A lot or a little?
The parents' guide to what's in this book.
What parents need to know
Parents need to know that Solo, by Newbery Medal winner Kwame Alexander (The Crossover) with poet and author Mary Rand Hess, is a novel in free verse about 17-year-old Blade, a Los Angeles musician, songwriter, and neglected son who begins to see the cost of fame. The story involves Blade's rock star dad's addiction, the death of a parent by allergic reaction, the death of a child from disease, adoption and heritage, as well as typical teen coming-of-age issues of first love, identity, and forgiveness. Parents should be prepared to discuss these topics and the topics of teen sexuality, trust, and working out family issues. They should also be ready to talk about tabloid and social media celebrity.
What's the story?
In SOLO, Blade Morrison has one parent who is dead, another who's a rock legend and legendary screw up, a girlfriend who has to keep their relationship secret, and a sister who straddles the line between super annoying and somewhat supportive. He lives under the Morrison family cloud of fame, excess, and celebrity that shelters and imprisons him. There's also a big family secret looming that will rock his world -- and not in a good way. When Blade's dad's addiction screws up the biggest day of Blade's life, he makes a decision to cut loose from the family and the fame, and looks to a future with his girl, Chapel. Will Blade break free of the notoriety of being a Morrison? Will Chapel get free of her family? And is there any hope that Blade's dad will break free from his addiction? Family, secrets, fame, and music drive Blade to places he never imagined, including a little village in Ghana.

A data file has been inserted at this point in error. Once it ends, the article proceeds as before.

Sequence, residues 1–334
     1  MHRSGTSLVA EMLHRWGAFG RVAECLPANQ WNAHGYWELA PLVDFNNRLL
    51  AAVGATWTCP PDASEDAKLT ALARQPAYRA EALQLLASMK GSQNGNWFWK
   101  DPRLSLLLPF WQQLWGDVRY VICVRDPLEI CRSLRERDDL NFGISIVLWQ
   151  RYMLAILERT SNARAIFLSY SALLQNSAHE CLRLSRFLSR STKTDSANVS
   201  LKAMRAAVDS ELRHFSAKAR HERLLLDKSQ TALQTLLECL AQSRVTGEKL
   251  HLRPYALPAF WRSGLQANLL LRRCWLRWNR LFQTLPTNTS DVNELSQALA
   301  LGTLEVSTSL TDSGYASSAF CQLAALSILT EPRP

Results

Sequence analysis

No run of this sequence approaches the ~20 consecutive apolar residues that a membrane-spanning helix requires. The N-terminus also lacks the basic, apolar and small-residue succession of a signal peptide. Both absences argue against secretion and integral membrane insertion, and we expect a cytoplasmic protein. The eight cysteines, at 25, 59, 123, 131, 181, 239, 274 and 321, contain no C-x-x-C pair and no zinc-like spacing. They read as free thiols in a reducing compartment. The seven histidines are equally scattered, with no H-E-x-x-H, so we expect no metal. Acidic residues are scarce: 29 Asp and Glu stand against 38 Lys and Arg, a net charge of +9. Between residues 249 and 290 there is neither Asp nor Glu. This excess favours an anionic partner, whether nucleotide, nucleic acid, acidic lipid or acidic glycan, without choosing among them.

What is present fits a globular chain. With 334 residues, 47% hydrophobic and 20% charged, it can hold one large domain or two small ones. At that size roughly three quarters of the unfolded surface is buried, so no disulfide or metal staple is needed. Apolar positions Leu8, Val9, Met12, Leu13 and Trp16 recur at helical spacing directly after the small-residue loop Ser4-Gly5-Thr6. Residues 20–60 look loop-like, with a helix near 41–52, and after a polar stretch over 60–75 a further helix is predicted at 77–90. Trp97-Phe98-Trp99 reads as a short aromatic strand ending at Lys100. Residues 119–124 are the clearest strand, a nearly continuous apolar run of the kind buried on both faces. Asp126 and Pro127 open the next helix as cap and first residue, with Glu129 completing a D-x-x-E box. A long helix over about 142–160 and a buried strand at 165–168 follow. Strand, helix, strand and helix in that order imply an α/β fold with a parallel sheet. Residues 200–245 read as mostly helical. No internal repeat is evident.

Is it any good?
Talk to your kids about ...
Families can talk about fantasy vs. reality in Solo. How does the media's portrayal of celebrities compare with the reality of life lived in the public eye? How might life be hard if you were a celebrity? What wouldn't you want people to discuss about your family and life if you were a celebrity?
How does forgiveness help in Solo? Have you ever had trouble forgiving a family member? How did that affect your relationship?
Kwame Alexander tells his story in free verse. What makes poetry a good fit for a story about music? What other interesting ways have you seen people tell a story?
- Authors: Kwame Alexander, Mary Rand Hess
- Genre: Poetry
- Topics: Friendship, High School, Misfits and Underdogs, Music and Sing-Along
- Book type: Fiction
- Publisher: HarperCollins Publishers
- Publication date: August 1, 2017
- Publisher's recommended age(s): 12 - 17
- Number of pages: 464
- Available on: Audiobook (unabridged), Hardback, iBooks, Kindle
Themes & Topics
For kids who love poetry and coming-of-age stories
Our editors recommend
Top advice and articles
Common Sense Media's unbiased ratings are created by expert reviewers and aren't influenced by the product's creators or by any of our funders, affiliates, or partners.